, is_mutable=False )
return S
</code></pre>
<p>There is one delicate point above: we really need the is_mutable=False option.
Else the forthcomming method quotient_ring fails! (As i said, this may cost a day...)</p>
<p>(3) Then we can construct:</p>
<pre><code> S = WedgeOfSpheres( (1,4,6) )
HS = S.cohomology_ring( QQ )
print "S = %s" % S
print "Computing H( S, QQ ) ... be patient..."
print HS
gens = [ g for g in HS.gens() if g.degree() > 0 ]
print "CUP PRODUCT matrix:"
for g in gens:
for h in gens:
print g*h,
print
print "Is the CUP PRODUCT zero? %s" % all( [ not(g*h) for g in gens for h in gens ] )
</code></pre>
<p>and we get:</p>
<pre><code> S = Simplicial complex with 15 vertices and 17 facets
Computing H( S, QQ ) ... be patient...
Cohomology ring of Simplicial complex with 15 vertices and 17 facets over Rational Field
CUP PRODUCT matrix:
0 0 0
0 0 0
0 0 0
Is the CUP PRODUCT zero? True
</code></pre>
<p>(4) Resumed: In order to see if the pairing is trivial on the cohomology ring of a space X,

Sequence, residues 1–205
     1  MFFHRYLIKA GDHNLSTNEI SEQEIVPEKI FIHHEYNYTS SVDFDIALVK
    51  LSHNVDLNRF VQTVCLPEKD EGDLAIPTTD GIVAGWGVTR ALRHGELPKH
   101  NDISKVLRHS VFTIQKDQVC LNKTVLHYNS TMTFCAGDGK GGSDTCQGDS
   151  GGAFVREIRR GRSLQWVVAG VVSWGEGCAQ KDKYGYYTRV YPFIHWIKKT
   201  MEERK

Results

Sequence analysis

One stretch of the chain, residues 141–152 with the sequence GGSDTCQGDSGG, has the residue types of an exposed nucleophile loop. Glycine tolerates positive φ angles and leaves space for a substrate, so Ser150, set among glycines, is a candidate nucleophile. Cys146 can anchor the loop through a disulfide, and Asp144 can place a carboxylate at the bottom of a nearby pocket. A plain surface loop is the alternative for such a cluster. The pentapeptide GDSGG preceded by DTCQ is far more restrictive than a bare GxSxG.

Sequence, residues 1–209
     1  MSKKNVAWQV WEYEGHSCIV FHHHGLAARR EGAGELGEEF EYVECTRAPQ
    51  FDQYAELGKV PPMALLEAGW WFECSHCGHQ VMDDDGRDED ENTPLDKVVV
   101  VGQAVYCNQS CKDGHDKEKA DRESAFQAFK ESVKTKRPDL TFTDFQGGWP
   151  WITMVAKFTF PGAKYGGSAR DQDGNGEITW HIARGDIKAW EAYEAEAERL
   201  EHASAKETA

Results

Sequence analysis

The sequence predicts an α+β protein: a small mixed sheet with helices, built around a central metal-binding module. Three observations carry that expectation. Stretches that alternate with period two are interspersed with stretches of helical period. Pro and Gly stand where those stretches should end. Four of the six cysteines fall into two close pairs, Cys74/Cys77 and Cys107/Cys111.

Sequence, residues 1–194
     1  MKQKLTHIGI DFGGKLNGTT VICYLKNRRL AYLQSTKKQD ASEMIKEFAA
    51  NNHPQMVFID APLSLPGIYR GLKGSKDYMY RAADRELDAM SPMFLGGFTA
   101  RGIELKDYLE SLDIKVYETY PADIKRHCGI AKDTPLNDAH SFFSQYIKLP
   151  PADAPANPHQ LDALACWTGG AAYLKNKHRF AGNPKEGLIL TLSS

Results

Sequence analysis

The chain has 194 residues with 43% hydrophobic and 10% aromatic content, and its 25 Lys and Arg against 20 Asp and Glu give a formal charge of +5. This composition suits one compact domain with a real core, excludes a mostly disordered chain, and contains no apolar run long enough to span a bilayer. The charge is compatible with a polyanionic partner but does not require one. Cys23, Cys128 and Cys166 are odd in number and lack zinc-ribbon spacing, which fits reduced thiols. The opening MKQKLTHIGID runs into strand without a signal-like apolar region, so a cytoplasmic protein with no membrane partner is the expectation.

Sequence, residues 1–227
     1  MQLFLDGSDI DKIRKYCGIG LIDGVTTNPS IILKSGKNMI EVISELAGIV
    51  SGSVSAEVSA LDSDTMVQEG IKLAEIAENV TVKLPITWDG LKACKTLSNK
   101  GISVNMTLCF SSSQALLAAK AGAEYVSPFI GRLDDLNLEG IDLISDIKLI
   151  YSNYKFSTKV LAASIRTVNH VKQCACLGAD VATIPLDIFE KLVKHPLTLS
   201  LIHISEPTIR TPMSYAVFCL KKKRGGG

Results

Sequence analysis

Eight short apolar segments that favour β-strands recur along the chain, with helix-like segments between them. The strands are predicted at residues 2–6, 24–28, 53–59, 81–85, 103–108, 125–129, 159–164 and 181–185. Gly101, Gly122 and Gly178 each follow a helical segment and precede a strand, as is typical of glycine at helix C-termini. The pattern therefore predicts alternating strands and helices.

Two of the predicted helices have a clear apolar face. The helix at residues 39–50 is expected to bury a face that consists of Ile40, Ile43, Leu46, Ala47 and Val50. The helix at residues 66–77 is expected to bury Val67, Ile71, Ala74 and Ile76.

the following call would do the job:</p>
<pre><code>def is_zero_cup_product( X, base_ring=QQ ):
generators = [ g for g in X.cohomology_ring( base_ring ).gens() if g.degree() > 0 ]
for g in generators:
for h in generators:
if g*h:
# print "%s * %s = %s" % ( g, h, g*h )
return False
return True
</code></pre>
<p>For instance:</p>
<pre><code>sage: K = simplicial_complexes.KleinBottle()
sage: K
Minimal triangulation of the Klein bottle
sage: is_zero_cup_product( K, QQ )
True
sage: is_zero_cup_product( K, GF(2) )
False
sage: is_zero_cup_product( K, GF(5) )
True
sage: P2 = simplicial_complexes.RealProjectiveSpace( 2 )
sage: P2
Minimal triangulation of the real projective plane
sage: is_zero_cup_product( P2, QQ )
True
sage: is_zero_cup_product( P2, GF(2) )
False
sage: M7 = simplicial_complexes.MooreSpace( 7 )
sage: M7
Triangulation of the mod 7 Moore space
sage: M7.cohomology_ring( GF(7) ).gens()
(h^{0,0}, h^{1,0}, h^{2,0})
sage: a,b,c = _
sage: b * b
0
sage: is_zero_cup_product( M7 )
True
</code></pre>
https://ask.sagemath.org/question/33331/test-for-zero-cup-product/?comment=37476#post-id-37476Awesome. Thanks @dan_fuleaMon, 01 May 2017 00:20:32 +0200https://ask.sagemath.org/question/33331/test-for-zero-cup-product/?comment=37476#post-id-37476